Target Machine Models and Instruction Selection

In the field of compiler design, one important aspect is the selection of appropriate instructions for a target machine model. The target machine model represents the architecture and design of the hardware on which the compiled code will run. Efficient instruction selection is crucial for optimizing the performance of the compiled code.

Target Machine Models

Target machine models define the characteristics and capabilities of the hardware on which the compiled code will execute. These models provide a way to abstract the specific hardware details and give compiler designers a high-level representation to work with.

There are various target machine models, including stack machines, accumulator machines, register machines, and complex instruction-set computers (CISC) or reduced instruction-set computers (RISC).

  • Stack Machines: In a stack machine, instructions operate on a stack of operands. The operands are implicitly pushed and popped from the stack, simplifying instruction formats. However, stack machines typically have slower performance due to memory accesses for data movement.

  • Accumulator Machines: In an accumulator machine, one operand is implicitly taken from an accumulator register, and the result is stored back in the accumulator. This model is simple and memory-efficient but can be limiting in terms of parallelism.

  • Register Machines: Register machines use explicit register operands. They usually have a large set of general-purpose registers, allowing more flexibility in instruction selection and optimization. Register machines tend to have better performance compared to stack and accumulator machines.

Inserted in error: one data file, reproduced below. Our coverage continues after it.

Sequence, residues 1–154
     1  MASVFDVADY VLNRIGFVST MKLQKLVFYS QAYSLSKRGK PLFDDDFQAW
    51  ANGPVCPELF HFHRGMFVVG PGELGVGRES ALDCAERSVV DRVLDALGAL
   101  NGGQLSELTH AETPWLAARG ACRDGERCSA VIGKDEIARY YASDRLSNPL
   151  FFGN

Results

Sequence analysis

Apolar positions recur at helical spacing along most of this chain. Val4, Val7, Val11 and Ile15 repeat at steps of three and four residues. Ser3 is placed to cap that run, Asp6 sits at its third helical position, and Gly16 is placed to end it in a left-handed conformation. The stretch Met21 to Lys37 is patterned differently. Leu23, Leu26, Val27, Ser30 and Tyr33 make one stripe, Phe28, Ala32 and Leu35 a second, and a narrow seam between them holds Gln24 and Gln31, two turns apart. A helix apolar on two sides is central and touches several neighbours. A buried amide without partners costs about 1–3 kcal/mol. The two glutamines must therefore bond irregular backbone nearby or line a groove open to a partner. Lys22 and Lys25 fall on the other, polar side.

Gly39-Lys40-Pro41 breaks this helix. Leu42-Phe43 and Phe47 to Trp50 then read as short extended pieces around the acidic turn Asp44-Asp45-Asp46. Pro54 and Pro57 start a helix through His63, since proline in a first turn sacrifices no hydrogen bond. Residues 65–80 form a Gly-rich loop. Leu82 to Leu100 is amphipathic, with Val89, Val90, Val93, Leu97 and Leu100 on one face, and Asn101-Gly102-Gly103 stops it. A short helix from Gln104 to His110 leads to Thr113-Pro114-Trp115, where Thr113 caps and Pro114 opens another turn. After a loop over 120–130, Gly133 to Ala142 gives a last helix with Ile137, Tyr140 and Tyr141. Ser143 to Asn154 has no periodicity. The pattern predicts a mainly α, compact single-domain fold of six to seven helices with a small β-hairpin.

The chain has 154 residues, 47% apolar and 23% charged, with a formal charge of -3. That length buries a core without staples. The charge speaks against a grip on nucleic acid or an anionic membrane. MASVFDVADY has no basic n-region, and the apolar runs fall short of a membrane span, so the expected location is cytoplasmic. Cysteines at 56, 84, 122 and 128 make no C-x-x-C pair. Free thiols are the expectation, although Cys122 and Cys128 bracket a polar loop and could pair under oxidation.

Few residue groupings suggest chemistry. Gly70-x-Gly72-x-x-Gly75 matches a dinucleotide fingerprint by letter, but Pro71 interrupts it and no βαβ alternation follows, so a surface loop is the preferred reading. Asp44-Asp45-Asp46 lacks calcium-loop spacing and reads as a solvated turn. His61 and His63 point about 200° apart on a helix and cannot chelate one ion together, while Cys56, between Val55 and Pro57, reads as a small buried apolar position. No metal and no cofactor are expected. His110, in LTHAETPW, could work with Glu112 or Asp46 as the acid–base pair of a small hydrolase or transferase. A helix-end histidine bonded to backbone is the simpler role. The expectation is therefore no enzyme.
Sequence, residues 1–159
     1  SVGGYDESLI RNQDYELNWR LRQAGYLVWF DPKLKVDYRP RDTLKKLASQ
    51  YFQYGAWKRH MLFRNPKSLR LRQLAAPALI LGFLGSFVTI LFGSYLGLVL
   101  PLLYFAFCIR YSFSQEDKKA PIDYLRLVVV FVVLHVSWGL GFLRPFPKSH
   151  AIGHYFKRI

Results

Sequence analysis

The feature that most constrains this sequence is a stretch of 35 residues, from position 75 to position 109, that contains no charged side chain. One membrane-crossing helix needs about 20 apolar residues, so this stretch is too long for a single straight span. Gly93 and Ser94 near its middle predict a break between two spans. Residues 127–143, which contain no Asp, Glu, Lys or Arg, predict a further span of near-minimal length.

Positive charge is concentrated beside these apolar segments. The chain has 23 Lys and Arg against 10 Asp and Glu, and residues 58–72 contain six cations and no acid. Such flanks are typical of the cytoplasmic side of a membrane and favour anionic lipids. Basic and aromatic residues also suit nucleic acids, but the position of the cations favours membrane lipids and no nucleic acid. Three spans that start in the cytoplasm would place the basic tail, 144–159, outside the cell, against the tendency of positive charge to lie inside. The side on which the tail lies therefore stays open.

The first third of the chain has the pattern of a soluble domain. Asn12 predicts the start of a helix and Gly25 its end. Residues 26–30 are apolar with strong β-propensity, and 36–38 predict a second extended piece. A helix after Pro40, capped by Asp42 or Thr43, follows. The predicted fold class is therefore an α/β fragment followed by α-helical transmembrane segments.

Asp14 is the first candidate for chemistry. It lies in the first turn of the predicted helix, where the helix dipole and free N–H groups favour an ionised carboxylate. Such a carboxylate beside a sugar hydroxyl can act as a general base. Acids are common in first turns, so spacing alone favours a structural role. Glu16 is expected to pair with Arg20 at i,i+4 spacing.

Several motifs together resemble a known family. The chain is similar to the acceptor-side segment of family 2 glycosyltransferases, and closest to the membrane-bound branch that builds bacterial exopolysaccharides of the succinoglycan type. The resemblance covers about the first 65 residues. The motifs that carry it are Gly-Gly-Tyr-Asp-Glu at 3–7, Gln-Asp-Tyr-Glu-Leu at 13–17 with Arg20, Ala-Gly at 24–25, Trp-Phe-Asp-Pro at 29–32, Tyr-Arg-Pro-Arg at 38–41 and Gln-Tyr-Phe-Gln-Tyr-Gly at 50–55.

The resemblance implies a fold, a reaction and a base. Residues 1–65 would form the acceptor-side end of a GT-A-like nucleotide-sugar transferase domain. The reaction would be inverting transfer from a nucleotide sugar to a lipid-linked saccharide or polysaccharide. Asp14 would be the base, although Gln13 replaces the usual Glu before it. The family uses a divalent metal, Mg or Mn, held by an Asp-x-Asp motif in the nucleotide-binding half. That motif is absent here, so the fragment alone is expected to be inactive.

• CISC and RISC: CISC and RISC architectures represent different approaches to designing target machine models. CISC architectures have complex instructions that can perform multiple operations, while RISC architectures usually have a reduced set of simple instructions. RISC architectures often provide better performance due to simpler instruction execution and pipelining capabilities.

Instruction Selection

Instruction selection is the process of choosing appropriate machine instructions to implement a high-level language construct or an intermediate representation (IR) instruction. The goal is to generate efficient code that utilizes the capabilities of the target machine model.

Several factors influence instruction selection, such as the available instruction set, cost models, and performance considerations. Modern compilers often employ sophisticated algorithms and heuristics to determine the best instructions for each code segment.

Here are some key techniques used in instruction selection:

  • Pattern Matching: Compiler designers define patterns representing high-level language constructs or IR instructions. These patterns are matched against the code being compiled, and if a match is found, the corresponding machine instruction is selected.

  • Cost Models: Cost models estimate the cost (e.g., execution time, memory usage) associated with different instructions. The compiler uses these cost models to select instructions that minimize the overall cost of the generated code.

  • Code Generation Frameworks: Compiler designers often build code generation frameworks that provide reusable components for instruction selection. These frameworks include libraries of pre-defined patterns, algorithms for pattern matching, and optimization techniques.


Target machine models and instruction selection play a vital role in compiler design. The choice of target machine model affects the performance and efficiency of the compiled code. Instruction selection algorithms and techniques help generate optimized code that takes advantage of the target machine's capabilities. By understanding these concepts, compiler designers can create more efficient and performant compilers that produce high-quality machine code.

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